I don't care that a drunk on some plane kicked down a cockpit door a week ago. Really. Giving "breaking news" coverage to every inconsequential airplane-related incident wastes not only my time, but that of everyone else who tuned in for real news that matters.
The time has come to move beyond our collective obsession with the police-action against terror. Not every malicious person is a terrorist, and the real terrorists could hit us again if they wanted to-harder and in ways we can't even imagine. But we have ignored these facts and the multitude of other reasons why people hate and hurt in favour of the endless stream of easy, trendy airplane-terrorist news.
Please, spare the unfettered flow of deranged patriotic ignorance of political ineptness and scandal and give me some insightful coverage about Israel or even Enron. The tale of omnipotent businessmen deliberately screwing with thousands of Americans' lives is a blatant act of terrorism. Is this not clear to anyone else?
Tens of thousands of unemployed and destitute retirees will have more of an impact on people in real life than the ever-continuing anti-terrorism drive.
In this terror-centric world, however, that story has been buried by a lack of "people-getting-screwed-by-Enron-executives experts"-they're all busy being "terrorism experts." It's neat how experts and media create mutual employment.
Experts say security is tight at airports, government buildings and large public gatherings, and yes, I learned that from the media. In fact, I couldn't help but learn that from the mass media which has, over the last six months, made it explicitly clear that security concerns have pervaded every mundane aspect of our lives. Therefore, that news is no longer news.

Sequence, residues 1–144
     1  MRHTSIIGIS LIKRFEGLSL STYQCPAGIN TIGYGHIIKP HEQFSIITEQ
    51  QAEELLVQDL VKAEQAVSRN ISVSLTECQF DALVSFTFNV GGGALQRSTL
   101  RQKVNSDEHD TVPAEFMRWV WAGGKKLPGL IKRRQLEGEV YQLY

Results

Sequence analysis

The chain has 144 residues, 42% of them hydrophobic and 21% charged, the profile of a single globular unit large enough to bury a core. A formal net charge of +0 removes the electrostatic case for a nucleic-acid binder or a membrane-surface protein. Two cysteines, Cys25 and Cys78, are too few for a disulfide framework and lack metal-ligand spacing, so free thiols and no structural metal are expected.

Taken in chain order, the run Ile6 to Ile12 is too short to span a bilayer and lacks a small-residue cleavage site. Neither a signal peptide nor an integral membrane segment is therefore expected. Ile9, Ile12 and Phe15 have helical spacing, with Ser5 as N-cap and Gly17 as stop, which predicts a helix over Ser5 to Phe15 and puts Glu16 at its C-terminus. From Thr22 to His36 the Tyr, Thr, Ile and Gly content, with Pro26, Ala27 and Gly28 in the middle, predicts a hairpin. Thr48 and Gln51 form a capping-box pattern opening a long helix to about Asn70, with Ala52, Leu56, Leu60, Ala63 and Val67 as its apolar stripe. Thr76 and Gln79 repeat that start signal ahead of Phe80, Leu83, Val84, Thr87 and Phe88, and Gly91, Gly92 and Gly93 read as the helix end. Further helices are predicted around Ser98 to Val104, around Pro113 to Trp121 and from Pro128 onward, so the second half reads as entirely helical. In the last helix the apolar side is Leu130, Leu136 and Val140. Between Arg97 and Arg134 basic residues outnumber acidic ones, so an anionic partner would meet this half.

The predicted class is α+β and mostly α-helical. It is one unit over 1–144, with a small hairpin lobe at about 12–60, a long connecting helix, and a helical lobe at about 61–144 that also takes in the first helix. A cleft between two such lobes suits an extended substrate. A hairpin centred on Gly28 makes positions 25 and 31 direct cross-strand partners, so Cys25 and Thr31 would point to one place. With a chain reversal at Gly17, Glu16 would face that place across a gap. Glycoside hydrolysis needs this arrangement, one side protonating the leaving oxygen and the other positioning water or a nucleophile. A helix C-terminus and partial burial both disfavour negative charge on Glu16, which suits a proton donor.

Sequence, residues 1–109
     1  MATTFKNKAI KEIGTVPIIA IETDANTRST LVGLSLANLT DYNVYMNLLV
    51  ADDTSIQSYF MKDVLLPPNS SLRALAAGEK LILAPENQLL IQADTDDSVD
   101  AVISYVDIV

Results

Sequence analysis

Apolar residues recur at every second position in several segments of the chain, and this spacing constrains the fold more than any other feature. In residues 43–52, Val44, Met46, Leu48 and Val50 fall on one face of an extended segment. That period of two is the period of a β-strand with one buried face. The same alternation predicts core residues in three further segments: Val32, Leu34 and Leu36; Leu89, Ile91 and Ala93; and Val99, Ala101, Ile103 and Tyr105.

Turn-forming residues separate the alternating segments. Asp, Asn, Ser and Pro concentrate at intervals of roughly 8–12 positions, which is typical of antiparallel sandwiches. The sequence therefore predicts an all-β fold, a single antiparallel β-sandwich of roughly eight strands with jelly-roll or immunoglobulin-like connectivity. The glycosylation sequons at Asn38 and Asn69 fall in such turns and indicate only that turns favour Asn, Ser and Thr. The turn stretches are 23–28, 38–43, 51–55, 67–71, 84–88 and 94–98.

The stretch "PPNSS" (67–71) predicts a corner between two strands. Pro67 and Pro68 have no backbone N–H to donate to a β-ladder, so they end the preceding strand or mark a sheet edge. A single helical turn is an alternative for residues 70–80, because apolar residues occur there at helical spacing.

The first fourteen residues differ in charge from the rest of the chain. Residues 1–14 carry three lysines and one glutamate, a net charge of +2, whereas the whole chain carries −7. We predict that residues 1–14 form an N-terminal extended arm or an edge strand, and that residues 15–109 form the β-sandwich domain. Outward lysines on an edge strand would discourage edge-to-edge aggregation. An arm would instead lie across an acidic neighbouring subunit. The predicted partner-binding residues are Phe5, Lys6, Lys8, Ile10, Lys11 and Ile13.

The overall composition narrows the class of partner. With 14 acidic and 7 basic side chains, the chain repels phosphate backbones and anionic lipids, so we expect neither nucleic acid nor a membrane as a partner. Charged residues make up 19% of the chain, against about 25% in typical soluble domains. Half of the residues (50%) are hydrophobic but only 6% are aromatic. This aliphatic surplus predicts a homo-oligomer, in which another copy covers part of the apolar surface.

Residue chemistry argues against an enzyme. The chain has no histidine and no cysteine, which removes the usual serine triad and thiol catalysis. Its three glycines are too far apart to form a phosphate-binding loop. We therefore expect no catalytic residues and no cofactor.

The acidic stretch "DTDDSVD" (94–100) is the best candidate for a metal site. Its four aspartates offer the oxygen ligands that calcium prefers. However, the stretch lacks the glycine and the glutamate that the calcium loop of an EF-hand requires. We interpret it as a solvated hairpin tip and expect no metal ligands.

It must be hard to break away from the journalistic groupthink epitomized by multi-billion dollar global news networks all regurgitating the same press conferences and footage dozens of times daily. Either that, or the value of indoctrinating terror upon the populace has escaped me. In any case, diversity in reporting is the ultimate loss attributable to September 11.
But in this sea of homogeneity, there is no shortage of reporters-cum-wizards trying to imbue relevance by conjuring threads to that date. While most of them are incapable of linking events together using research, knowledge or analysis, those who try must be at least congratulated for their creative use of buzzwords. Terrorism, like witchcraft, has become the catch-all for adversity.
In this "climate of terror" the news media should re-examine its purpose. Rather than continuing the blitzkrieg for branded-media mindshare, it should return to informing citizens of happenings important to their lives and discontinue the cycle of media terror.